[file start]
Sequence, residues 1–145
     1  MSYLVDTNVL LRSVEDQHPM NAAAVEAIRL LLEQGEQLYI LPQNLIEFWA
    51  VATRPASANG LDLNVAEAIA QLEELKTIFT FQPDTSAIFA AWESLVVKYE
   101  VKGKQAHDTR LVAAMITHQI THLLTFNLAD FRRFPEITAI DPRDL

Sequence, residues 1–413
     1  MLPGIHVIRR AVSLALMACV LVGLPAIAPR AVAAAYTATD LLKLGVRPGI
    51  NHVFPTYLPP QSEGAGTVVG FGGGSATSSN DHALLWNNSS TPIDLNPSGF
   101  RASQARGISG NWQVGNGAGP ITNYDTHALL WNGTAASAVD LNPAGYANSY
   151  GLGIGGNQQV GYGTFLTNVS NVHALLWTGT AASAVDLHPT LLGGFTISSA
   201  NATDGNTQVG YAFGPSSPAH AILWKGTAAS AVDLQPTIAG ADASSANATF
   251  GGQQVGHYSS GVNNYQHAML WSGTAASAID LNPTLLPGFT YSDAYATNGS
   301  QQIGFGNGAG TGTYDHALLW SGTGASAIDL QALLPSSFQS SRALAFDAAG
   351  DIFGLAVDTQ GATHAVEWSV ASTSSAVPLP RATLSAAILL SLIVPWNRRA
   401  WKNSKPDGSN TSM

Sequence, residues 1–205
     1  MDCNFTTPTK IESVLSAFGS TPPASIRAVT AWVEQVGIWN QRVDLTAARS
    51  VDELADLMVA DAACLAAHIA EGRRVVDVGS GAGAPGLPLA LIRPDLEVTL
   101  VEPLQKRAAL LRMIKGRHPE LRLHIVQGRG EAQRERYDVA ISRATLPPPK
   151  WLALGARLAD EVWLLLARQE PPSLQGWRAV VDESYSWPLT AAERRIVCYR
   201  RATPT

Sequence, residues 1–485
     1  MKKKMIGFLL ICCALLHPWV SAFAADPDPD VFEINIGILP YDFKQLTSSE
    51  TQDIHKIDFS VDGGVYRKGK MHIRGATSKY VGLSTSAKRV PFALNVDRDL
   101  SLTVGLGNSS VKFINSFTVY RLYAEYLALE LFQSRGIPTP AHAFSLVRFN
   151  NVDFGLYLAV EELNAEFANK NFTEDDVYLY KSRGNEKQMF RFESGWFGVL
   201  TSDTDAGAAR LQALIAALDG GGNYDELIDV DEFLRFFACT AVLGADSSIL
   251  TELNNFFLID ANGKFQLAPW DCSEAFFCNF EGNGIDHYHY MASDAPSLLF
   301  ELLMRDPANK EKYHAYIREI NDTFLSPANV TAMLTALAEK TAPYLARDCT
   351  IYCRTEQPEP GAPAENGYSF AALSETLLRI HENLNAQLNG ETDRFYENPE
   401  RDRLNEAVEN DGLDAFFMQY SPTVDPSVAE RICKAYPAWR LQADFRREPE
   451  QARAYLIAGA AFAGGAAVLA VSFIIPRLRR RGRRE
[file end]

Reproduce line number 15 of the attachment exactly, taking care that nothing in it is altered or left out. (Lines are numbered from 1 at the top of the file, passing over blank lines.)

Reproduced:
Sequence, residues 1–205